Leviathan in Louisiana
George Will has written a brilliant piece called Leviathan in Louisiana. He offers numerous reasons why Katrina will have a more lasting impact than 9/11. Last week we all learned that the margin between civilization and lawlessness is far thinner than we thought. The widespread looting illustrates the biblical doctrine of original sin better than any theological textbook. There are enormous social implications also:
The swiftness of New Orleans' descent from chaos into barbarism must compound the nation's nagging anxiety that more irrationality is rampant in the world just now than this nation has the power to subdue or even keep at bay.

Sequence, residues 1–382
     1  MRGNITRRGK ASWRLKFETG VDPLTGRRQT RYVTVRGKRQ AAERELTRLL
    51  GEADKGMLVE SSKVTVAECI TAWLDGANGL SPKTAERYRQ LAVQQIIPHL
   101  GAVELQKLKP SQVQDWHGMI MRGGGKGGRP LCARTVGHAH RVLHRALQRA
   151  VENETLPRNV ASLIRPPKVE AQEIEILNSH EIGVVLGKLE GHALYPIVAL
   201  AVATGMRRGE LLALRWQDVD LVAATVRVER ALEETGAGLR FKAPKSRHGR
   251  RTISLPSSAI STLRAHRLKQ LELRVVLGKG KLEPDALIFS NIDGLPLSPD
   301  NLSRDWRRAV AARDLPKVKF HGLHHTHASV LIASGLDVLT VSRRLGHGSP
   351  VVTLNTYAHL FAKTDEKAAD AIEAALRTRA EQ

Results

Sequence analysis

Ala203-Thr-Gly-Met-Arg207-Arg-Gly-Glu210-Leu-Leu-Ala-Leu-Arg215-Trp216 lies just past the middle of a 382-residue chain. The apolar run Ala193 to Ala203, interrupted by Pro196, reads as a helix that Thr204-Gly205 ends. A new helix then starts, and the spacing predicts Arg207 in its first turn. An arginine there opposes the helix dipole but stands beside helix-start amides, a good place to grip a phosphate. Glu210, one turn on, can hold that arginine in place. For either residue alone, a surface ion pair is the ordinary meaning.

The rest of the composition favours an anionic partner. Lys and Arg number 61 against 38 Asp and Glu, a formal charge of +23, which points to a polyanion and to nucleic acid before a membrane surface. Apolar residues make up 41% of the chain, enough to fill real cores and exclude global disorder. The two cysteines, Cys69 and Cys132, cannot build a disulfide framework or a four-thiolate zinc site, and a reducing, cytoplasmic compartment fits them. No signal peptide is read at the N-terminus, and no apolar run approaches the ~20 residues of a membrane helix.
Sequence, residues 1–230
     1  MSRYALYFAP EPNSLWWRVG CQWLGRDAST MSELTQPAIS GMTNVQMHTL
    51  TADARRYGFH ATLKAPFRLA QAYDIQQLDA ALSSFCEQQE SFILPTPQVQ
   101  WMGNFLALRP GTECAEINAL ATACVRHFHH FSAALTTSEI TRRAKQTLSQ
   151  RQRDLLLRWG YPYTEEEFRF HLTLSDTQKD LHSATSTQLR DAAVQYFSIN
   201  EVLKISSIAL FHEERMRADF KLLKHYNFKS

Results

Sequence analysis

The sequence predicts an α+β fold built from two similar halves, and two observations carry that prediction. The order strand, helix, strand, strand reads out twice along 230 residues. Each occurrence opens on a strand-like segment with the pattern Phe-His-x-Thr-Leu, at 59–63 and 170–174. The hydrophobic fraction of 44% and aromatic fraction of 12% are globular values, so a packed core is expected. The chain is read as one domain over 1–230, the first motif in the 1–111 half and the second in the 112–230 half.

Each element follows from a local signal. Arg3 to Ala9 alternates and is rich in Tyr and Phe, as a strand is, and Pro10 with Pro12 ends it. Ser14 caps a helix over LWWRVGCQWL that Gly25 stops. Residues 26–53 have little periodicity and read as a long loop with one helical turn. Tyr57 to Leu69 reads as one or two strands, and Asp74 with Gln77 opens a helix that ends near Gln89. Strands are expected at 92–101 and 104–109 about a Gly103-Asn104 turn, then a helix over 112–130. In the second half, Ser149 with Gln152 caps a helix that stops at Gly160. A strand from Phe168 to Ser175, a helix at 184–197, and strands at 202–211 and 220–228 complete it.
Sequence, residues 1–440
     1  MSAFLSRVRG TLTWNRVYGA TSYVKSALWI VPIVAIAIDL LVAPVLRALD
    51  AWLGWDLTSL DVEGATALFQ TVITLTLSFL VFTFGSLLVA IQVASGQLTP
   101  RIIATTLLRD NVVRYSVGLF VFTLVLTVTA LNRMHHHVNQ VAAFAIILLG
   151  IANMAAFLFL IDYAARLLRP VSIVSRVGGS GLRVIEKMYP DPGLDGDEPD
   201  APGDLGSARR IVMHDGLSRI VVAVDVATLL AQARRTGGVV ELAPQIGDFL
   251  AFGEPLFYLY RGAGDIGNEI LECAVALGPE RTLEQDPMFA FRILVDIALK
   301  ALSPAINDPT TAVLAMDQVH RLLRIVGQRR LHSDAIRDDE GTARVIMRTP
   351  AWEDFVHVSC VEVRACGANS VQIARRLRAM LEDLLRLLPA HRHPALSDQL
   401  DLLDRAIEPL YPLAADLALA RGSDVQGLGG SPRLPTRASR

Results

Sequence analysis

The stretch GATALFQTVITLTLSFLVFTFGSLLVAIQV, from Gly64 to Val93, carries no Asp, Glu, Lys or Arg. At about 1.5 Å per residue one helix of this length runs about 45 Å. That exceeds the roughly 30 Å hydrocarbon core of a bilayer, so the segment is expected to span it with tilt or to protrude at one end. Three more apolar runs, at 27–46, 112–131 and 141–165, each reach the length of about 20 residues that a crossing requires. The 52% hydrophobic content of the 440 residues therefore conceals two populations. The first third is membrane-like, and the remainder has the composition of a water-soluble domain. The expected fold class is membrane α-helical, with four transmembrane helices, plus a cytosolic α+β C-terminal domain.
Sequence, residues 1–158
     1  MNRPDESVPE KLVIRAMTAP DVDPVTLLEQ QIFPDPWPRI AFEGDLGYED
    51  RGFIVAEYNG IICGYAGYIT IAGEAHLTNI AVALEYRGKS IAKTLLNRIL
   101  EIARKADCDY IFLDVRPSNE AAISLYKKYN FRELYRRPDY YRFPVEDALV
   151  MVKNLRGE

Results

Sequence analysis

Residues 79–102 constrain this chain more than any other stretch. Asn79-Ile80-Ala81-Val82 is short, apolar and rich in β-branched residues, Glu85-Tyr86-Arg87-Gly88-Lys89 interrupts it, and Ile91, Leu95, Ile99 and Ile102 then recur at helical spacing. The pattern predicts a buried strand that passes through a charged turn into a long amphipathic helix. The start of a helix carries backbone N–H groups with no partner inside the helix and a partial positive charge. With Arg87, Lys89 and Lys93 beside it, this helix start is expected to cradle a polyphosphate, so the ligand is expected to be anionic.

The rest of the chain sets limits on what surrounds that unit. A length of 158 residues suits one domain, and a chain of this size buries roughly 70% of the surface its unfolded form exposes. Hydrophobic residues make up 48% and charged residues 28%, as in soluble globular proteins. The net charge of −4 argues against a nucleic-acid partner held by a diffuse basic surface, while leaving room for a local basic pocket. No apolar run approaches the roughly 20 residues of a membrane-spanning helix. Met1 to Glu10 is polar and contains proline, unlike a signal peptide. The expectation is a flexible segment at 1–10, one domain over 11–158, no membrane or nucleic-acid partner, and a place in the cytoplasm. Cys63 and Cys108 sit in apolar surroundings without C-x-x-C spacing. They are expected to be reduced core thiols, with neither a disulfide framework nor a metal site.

Will points out that true conservatives "understand how thin and perishable is the crust of civilization, and hence how always near society's surface are the molten passions that must be checked by force when they cannot be tamed by socialization." He also reminds us that disasters in major cities sometimes produce major improvements, citing Chicago after the fire of 1971 as a prime example. But he is not as sanguine about New Orleans. Great cities are fragile places because they are conglomerations of people from many cultural and economic backgrounds, living together in close quarters. When a big city works, it's a beautiful thing. When it doesn't, the result can be hellish. What we forget is how quickly things can change.
After 9/11 it seemed that the national blood pressure went up 100 points and has never really come down much. Tempers flare easier now and people have little patience. Underneath is a fear that we aren't as safe as we thought we were. It took some hijacked planes to remind us of that four years ago. This time it was a hurricane with a sweet name that struck with deadly fury.